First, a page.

Tales from the Shipyard DVD
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Directed by Various (Documentary)
Produced in 2011
Main Language - English
Countries & Regions - British Film
The second BFI This Working Life set follows the fortunes of UK shipbuilders from 1898 - 1974. David Parkinson casts off with a collection including a film by Sean Connery.
Containing over five hours of material, the second in the BFI's This Working Life series follows the fortunes of UK shipbuilders from 1898-1974. Many films seek to show how Britain was able to rule the waves for the first half of the last century, but several chronicle the sad decline of yards on the Clyde, Tyne, Wear and Belfast Lough. Opening with a trio of Mitchell & Kenyon shorts and footage of Edward VII launching HMS Dreadnought in 1906 and closing with a record of a Glaswegian work-in and an Amber Films account of a Geordie swan song, this two-disc set ranks alongside the excellent British Transport Films series.
Fascinating snippets abound, including SS Olympic (1910), which shows the construction of the Titanic's sister ship, and some sublime colour shots of the Queen Mary gliding down the Clyde in 1936. But this is as much a celebration of labour as tonnage and Paul Rotha's Shipyard (1935) captures the sights and sounds involved in hauling, shaping and riveting metal. By contrast, The Little Ships of England (1943) preserves techniques that had been employed for centuries in focusing on the construction of wooden vessels in the West Country.
Yet while the shipyards played a vital role in winning the Second World War (viz Steel Goes to Sea, 1941), the decades either side were lean ones from Barrow and Birkenhead to the Thames and the Solent. Consequently, films like JB Holmes's Berth 24 (1950) and Jack Howells's The Sea Shall Test Her (1954) placed great emphasis on the expertise of British craftsmen and the industry must have received a considerable boost when Hilary Harris's Seawards the Great Ships (1960) became the first Scottish film to win an Academy Award.
Cinema's most celebrated Scot ventured behind the camera for the first and only time on The Bowler and the Bunnet (1967), as Sean Connery reported on the audacious, but ultimately unsuccessful union-management partnership at the Fairfield yard on the Clyde. The contrast with the bullish optimism conveyed in John Halas's animations for We've Come a Long Way (1951) couldn't be more stark or sobering.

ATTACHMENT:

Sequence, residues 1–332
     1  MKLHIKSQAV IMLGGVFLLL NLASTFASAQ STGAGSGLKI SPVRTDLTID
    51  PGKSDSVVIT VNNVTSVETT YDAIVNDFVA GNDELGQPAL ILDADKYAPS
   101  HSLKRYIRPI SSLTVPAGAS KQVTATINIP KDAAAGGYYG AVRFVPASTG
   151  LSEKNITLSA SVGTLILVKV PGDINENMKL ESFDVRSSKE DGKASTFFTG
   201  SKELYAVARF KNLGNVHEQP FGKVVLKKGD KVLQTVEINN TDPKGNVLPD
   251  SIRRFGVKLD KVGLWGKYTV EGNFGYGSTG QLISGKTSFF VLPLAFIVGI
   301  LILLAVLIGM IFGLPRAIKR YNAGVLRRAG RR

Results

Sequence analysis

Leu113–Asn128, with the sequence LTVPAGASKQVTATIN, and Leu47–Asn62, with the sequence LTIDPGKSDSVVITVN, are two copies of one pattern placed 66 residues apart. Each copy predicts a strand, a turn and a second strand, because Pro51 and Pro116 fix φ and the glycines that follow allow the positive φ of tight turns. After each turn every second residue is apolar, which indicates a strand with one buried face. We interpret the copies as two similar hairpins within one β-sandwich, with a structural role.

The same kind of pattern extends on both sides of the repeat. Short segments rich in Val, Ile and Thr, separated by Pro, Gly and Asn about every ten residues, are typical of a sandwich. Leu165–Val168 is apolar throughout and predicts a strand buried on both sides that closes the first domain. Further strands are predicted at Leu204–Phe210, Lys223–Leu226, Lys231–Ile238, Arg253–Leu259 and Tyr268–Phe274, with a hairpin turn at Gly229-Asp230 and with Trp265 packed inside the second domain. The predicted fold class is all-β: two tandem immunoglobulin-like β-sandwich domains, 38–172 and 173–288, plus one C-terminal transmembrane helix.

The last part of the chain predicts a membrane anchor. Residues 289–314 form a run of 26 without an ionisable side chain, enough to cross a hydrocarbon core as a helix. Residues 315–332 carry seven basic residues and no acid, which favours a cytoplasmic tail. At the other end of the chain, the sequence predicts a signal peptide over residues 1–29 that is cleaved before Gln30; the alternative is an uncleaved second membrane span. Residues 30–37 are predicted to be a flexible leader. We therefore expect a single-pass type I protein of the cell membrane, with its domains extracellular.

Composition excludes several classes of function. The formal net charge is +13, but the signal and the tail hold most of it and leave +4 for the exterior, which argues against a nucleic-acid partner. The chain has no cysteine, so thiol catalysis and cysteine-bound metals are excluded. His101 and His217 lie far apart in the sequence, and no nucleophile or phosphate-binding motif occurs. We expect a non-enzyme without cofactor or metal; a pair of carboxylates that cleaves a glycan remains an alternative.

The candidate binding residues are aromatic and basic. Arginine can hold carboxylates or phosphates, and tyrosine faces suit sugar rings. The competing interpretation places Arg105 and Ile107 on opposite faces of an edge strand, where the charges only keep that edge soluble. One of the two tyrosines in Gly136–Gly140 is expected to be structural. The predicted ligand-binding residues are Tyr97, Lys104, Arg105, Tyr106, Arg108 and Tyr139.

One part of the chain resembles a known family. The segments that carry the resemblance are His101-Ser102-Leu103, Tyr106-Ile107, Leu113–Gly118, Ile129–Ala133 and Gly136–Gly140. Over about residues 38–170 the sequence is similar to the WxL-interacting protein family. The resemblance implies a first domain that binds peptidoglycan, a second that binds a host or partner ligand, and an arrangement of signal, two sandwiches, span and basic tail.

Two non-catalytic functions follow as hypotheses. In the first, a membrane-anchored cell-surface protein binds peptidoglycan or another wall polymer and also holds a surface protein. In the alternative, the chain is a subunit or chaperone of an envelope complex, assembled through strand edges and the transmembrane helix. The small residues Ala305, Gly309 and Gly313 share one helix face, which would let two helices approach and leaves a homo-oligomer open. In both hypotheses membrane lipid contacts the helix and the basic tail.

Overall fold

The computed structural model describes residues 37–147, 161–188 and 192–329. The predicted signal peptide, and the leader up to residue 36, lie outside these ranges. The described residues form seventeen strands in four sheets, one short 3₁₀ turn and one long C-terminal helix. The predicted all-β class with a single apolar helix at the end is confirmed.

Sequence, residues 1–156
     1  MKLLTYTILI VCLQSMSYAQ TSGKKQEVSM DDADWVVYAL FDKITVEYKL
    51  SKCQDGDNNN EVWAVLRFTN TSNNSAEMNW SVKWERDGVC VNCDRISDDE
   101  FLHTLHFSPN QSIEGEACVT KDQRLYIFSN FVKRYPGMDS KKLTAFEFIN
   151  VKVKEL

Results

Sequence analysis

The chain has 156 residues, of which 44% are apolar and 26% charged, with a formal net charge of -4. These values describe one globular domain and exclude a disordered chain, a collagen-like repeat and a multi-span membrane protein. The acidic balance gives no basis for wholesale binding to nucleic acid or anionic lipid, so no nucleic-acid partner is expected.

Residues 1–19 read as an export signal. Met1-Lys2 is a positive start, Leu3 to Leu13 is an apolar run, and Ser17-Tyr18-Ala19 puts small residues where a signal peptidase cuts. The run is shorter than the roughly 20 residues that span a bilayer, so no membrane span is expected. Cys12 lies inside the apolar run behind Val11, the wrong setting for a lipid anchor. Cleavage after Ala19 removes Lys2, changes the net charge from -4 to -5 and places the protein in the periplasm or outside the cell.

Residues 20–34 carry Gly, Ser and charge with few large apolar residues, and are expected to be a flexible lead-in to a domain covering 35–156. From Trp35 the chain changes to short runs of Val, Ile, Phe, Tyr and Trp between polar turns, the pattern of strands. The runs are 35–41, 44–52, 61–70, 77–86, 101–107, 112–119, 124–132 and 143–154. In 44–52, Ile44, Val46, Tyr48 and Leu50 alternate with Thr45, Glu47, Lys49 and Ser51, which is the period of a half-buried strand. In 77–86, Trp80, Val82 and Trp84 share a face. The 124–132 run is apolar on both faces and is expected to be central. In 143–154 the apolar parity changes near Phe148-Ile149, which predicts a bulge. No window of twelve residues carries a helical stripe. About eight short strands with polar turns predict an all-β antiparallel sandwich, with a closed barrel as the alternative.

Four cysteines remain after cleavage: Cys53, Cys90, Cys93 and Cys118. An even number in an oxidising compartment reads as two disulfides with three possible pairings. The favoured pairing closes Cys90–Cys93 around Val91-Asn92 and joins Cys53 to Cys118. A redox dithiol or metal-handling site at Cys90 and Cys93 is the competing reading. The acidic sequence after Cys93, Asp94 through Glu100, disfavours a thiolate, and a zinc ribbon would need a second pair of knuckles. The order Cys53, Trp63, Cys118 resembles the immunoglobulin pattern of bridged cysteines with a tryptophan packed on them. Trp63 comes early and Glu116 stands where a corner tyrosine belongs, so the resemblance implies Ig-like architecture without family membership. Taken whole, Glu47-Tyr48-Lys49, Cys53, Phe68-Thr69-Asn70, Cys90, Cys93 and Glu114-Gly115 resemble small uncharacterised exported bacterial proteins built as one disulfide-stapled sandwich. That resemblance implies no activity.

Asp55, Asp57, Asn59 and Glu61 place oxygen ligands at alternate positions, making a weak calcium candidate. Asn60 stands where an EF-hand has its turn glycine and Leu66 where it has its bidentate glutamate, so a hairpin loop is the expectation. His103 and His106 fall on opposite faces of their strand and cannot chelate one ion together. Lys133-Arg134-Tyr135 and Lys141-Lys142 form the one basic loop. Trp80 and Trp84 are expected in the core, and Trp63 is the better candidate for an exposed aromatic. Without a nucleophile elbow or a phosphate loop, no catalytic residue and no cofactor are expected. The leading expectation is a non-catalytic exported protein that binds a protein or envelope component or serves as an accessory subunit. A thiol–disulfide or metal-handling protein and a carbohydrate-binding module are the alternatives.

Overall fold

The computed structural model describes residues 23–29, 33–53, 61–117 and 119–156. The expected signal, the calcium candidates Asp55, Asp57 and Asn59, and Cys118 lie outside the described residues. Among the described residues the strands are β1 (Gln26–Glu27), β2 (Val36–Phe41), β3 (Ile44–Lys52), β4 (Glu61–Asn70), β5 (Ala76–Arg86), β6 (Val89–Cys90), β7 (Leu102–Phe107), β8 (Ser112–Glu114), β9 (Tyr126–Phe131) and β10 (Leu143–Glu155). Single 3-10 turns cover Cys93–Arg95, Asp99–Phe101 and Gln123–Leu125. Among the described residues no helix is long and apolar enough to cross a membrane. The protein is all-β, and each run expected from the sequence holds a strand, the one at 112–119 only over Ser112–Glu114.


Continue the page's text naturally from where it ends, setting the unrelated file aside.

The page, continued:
David Parkinson on 19th January 2011
Author of 191 reviews
The second DVD in the BFI's 'This Working Life' series - celebrating Britain's industrial heritage on screen, and begun with the acclaimed Portrait of a Miner box set in 2009 - is Tales from the Shipyard.
For millions of people, this isn't just Britain's industrial heritage - it's their family history. Tales from the Shipyard contains over five hours of material that portrays our nation's shipbuilding past through acclaimed documentaries, little-known cinematic gems and emotive actuality films, made at the great shipyards of Belfast, Clydeside, Tyne and Wear and elsewhere. It draws together films from the BFI National Archive and two brand new restorations from the Scottish Screen Archive at the National Library of Scotland.
Beginning with three Mitchell & Kenyon films and scenes of jubilant workers celebrating spectacular launches in the early 1900s, further highlights include King George V and Queen Mary's morale-boosting trip to Northern England's shipyards at the tail end of the Great War; rare footage of the stunning SS Olympic (1910) showing the building and launch of the Titanic's sister ship; beautiful colour film of the iconic Queen Mary in RMS Queen Mary Leaves the Clyde (1936); Sean Connery's perspective on Glasgow's industrial relations in The Bowler and the Bunnet (1967) - the only film Connery ever directed - and lyrical documentaries in celebration of industrial might such as Shipyard (Paul Rotha, 1935) and the Oscar-winning Seawards the Great Ships (Hilary Harris, 1960).
Contains: Disc One - The Launch of HMS Albion at Blackwall (1898); Employees Leaving Messrs Vickers and Maxim’s in Barrow (1901); Workforce of Scott & Co. Shipyard, Greenock (1901); The Launch of HMS Dominion (1903); King Edward VII Launches HMS Dreadnought from Portsmouth Dockyard (1906); SS Olympic (1910); The Launch of HMS Lowestoft (1913); Visit of Their Majesties the King and Queen to the North-East Coast Shipbuilding and Engineering Works on the Wear (1917); RMS Queen Mary Leaves the Clyde (1936); Shipyard (1935); Chains (1939); Tyneside (1941); Steel Goes to Sea (1941); The Little Ships of England (1943); ‘Shipyard for Colliers’ from Mining Review 2nd Year No.3 (1948); Berth 24 (1950)
Disc Two - We’ve Come a Long Way (1951); The Sea Shall Test Her (1954); Seawards the Great Ships (1960); A Great Ship (1962); The Bowler and the Bunnet (1967); UCS 1 (1971) and Launch (1974).
Length: 314 mins
Cat No: BFIVD900
Format: DVD Colour
- 2 discs
- Interview with Sean Connery (1967, 10 mins): previously unseen archival interview in which the actor discusses his views on labour relations, after making The Bowler and the Bunnet
- Illustrated booklet with new essays and detailed notes on all of the films, with contributions from BFI curators, Sir Sean Connery and others.